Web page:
It’s great to own a robotic pool cleaner. You simply put the cleaner in the pool, switch it on and it goes about cleaning the pool while sit by the poolside and sunbathe or sit indoors and relax. However, even the best robotic pool cleaner cannot reach some areas such as the top stairs and behind the ladder. Very few can actually clean up to the water line. If you don’t put in the extra effort to clean these areas with a brush, they will start to collect algae and will compromise the quality of the water.

To discourage the formation of additional algae and bacteria and keep the pool water clean, schedule a few minutes every two weeks to brush those unreachable areas before you use your robotic pool cleaner. This will allow the cleaner to pick up the grime that you have loosened from those surfaces.

#6 Not checking the pressure gauge

As the pump filtration system starts collecting leaves and debris, it affects the system’s efficiency. A quick look at the pressure gauge will tell you a lot about the condition of the filter. The higher the reading in the pressure gauge, the more urgent the need to clean the filter.  If the reading is low, it could be an indication that there is an air leak or that something is blocking the pump of the filter. Check both to determine what is causing the low pressure.

Creating a ‘baseline’ reading will give you a better idea of how high or how low  the reading is in the pressure gauge.

#7 Not pre-dissolving shock before adding it to the water

When shock is added directly to the pool water, the granules sink to the bottom. These granules contain a high concentration of chlorine which could weaken and damage certain surface materials such as vinyl.

To protect the pool surface and liners, always dissolve shock in a large bucket of water and pour this solution into the pool. It also helps in better distribution of the shock.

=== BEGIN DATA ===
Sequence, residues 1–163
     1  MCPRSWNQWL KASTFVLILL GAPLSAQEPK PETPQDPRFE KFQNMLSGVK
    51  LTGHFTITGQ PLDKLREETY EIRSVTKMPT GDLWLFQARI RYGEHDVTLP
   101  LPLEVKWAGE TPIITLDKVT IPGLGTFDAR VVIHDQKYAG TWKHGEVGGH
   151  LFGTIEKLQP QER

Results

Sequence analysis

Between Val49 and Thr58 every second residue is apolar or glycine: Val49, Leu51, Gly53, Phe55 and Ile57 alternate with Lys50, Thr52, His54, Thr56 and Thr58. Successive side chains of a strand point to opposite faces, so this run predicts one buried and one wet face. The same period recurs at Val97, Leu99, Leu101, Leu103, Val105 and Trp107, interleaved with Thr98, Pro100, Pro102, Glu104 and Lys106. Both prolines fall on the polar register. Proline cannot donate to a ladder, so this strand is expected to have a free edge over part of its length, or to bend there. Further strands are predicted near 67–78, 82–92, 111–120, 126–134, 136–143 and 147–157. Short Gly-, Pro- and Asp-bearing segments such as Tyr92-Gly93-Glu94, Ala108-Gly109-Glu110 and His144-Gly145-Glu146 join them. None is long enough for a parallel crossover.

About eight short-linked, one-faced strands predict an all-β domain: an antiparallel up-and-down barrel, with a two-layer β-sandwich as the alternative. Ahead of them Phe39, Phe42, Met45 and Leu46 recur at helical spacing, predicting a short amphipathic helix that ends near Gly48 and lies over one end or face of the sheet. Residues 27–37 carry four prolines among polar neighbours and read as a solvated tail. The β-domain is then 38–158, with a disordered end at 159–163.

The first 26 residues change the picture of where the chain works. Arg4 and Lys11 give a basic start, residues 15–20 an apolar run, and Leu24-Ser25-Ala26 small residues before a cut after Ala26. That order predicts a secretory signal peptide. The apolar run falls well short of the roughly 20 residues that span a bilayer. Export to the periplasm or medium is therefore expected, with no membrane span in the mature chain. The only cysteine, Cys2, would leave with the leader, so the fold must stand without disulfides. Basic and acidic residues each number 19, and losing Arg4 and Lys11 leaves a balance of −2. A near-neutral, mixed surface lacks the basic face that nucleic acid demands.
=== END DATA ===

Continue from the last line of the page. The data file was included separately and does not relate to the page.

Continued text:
# 8 Shocking the pool haphazardly

When it comes to shocking the pool, when you do it is as important as how you do it.  Shocking the pool as and when you remember is ineffective and a waste of time.

To get the benefits of shocking, it has to be done at the right time and at the recommended intervals. Ideally, you need to shock the pool once a week after sunset. The best way to add the shock chemical into the pool is to first dissolve the chemical in a bucket of water and pour the solution directly into the pool.

#9 Incorrect backwashing

Backwashing is an important step towards keeping the filter media clean but when overdone, it allows smaller debris particles to pass right through and go right back into the water.

When cleaning the filter, you must leave a small amount of debris in the filter. This acts as a barrier that prevents smaller particles from getting back into the pool. A good way to determine that you’ve left just the right amount of debris in the filter is to check the pressure gauge on the filter tank after you are done backwashing. Ideally, this reading should be in the range of 10 to 15 psi.

# 10 Not covering the pool when not in use

Even if you are using the pool every day in summer, it is still always a good idea to keep the pool covered when not in use. Keeping the pool covered prevents excessive leaves, debris and even small animals from falling into the pool. It also prevents unnecessary excessive water evaporation.

About the Author:

Sarah O’Rielly is from the review website where she writes about pool maintenance while also reviewing various robotic pool cleaners.